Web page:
The Toledo Terminal Railroad was completed in 1903. At one time, owned by most of the major railroad companies that passed through Toledo, it essentially formed a "loop" around the city, connecting the various industries to the railroads. It crossed the Maumee River in two places; the Upper Bridge and the Lower Bridge. In its heyday, the railroad was double-tracked all the way around the city of Toledo, except for the Upper Bridge.
Over the years, railroad companies merged, and finally, the Chesapeake and Ohio purchased the railroad in 1947, itself becoming CSX in the early 1980s. The TT formally came under CSX ownership in 1989. At the same time, local business along the track began to use trucks for transport, ending the use of "backside" of the TT (the backside is the portion of the TT along the west side of the Maumee River) for originating traffic. Around this time, the backside was also "narrowed" from a double track to a single track.
Because of Conrail, the Norfolk and Western (later Norfolk Southern) had to obtain trackage rights to use the backside of the TT, in order to access customers in Maumee and its former Wabash and Cloverleaf mainlines (abandoned south of Maumee, see Montpelier to Maumee, Liberty Center to Maumee, and Toledo, OH to Craigville, IN). N&W accessed Maumee via the Upper Bridge until May 1982, when a derailment damaged the bridge. The TT decided that it would not repair the bridge, abandoning the track from Gould (where the Wabash lines crossed the TT) to Bates (where the B&O crossed the TT) and the bridge in the process. Despite legal battles with the city of Toledo, in the end, the TT got its way. This forced trains to detour around the north of the city, utilizing the rest of the backside of the TT.
After the TT decided to abandon the Upper Bridge, it upgraded the backside to continuously welded rail. From 1982 to the early 1990s, the N&W trains often caused headaches for Toledoans as the frequent, long, and slow grain trains held up traffic at all the backside's grade crossings. After NS (formerly the N&W) abandoned its ex-Wabash lines out of Maumee in the early 1990s, this reduced traffic on the backside of the TT considerably, yet furthermore reducing the usefulness of the backside. This left the backside only for NS to access its remaining customers and yard in Maumee.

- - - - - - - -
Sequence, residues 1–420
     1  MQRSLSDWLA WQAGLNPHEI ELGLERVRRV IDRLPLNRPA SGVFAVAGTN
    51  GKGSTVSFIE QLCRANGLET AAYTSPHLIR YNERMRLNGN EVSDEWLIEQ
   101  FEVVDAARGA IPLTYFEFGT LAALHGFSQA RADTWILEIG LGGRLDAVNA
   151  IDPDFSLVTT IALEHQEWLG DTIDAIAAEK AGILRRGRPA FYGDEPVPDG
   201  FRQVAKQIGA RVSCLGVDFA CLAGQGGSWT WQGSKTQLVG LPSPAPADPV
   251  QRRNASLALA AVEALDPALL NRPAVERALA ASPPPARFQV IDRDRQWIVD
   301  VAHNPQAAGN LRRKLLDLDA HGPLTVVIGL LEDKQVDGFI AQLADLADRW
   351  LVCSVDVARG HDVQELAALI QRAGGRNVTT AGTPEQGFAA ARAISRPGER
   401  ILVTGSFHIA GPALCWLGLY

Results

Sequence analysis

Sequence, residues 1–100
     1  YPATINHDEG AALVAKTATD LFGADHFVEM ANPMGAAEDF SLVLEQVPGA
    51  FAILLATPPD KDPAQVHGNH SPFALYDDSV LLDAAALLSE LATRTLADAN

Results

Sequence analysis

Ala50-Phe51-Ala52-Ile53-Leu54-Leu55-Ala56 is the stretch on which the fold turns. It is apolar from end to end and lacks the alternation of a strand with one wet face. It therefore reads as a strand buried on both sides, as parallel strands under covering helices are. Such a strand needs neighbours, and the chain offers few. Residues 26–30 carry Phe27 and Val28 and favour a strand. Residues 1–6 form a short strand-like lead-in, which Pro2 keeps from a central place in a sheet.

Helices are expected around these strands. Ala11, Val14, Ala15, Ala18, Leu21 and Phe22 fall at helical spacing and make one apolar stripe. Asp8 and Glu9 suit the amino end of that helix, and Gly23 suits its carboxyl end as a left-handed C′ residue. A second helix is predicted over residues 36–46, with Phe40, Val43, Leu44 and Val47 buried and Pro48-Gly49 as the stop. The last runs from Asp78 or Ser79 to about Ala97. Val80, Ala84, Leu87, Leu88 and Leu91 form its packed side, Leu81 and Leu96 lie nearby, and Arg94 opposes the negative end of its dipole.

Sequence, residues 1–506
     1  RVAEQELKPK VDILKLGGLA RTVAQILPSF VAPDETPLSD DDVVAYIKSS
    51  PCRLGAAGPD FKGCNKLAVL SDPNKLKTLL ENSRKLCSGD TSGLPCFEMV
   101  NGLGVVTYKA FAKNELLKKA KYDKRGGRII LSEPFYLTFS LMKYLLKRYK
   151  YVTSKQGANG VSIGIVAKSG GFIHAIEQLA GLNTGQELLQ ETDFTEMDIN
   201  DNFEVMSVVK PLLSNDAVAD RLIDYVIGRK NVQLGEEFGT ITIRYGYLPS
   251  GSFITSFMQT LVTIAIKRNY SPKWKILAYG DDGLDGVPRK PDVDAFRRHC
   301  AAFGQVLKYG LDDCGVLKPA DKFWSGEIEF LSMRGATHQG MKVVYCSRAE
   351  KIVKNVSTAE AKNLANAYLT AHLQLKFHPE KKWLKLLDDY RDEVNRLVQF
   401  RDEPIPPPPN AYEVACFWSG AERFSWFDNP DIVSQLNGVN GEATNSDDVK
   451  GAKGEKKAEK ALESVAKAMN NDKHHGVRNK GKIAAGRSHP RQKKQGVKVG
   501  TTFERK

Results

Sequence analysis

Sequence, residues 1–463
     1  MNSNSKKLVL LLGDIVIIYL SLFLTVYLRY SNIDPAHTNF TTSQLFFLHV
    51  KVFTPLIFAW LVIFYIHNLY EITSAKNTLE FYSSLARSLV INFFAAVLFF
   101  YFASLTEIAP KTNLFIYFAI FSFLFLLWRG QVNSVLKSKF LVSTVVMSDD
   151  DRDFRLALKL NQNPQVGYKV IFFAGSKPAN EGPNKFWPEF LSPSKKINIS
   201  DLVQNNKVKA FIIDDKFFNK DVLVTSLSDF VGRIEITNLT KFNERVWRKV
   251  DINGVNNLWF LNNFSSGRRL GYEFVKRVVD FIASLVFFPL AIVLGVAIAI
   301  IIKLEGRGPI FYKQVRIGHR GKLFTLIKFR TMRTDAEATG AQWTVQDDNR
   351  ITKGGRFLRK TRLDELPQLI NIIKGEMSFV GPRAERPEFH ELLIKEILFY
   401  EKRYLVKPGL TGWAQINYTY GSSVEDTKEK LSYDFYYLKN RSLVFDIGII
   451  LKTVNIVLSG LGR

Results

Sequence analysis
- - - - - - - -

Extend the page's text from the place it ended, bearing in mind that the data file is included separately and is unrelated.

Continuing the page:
In 1998, NS and CSX split up Conrail, with NS obtaining the ex-NYC "Water Level route" as its busy Chicago Main through Toledo. The portion of the TT east of the Maumee River saw an increase in traffic, and still is very busy to this day. With the restrictions of Conrail gone, NS began to build a connection from its newly-acquired Chicago Main to the former Wabash main to access Maumee. It was completed in 2000, ending NS' use of the backside of the TT. The last train to run on the line was in July of that year. Around this time, the city of Toledo and the University of Toledo began to study the right of way's feasibility as a rail-trail.
Throughout the 2000s, the backside sat unused, with NS eventually removing the diamonds of the TT and the Chicago Main (Nasby) around 2006. Beginning in 2009, track removal crews began to tear out the track around Monroe Street. In early 2010, CSX filed for abandonment of the line, between Temperance, on the north side of Toledo, to Vulcan, where the TT and former NYC "Old Road Division" (also abandoned north of the Ohio and Michigan state line, see Ottawa Lake, MI to Riga, MI) diamond was. After permission was granted, full-fledged track removal began, with the entire backside from Temperance to the Upper Bridge torn out, minus the small, out of service segment from Gould to Nasby, and north of Nasby to Vulcan, a small amount which is still active. The portion from Medford Drive to Copeland Avenue was torn out in 1996.
The upper bridge itself is still standing, minus any decking and tracks. The Lower Bridge and the eastern portion (east of the Maumee River) of the TT are still in use by CSX. At the time of this writing in December, 2010, track removal had been completed with all crossings removed, though pole lines, ballast, and signage (mile-markers and whistle-posts) remain. The I-475 overpass is still in place, though its days are numbered as ODOT is currently widening I-475, and its removal is in the works. While the only active segment of the backside is currently from Nasby to Hill Avenue, NS is planning to reactivate the portion north of Hill Avenue to Vulcan, which was not torn up, in order to bypass and abandon the portion of the ex-Old Road Division from Vulcan to the Air Line yard along the Chicago Main. The interlocking towers at Nasby and Bates are still standing.
Thanks to Aaron M. for contributing information about this route.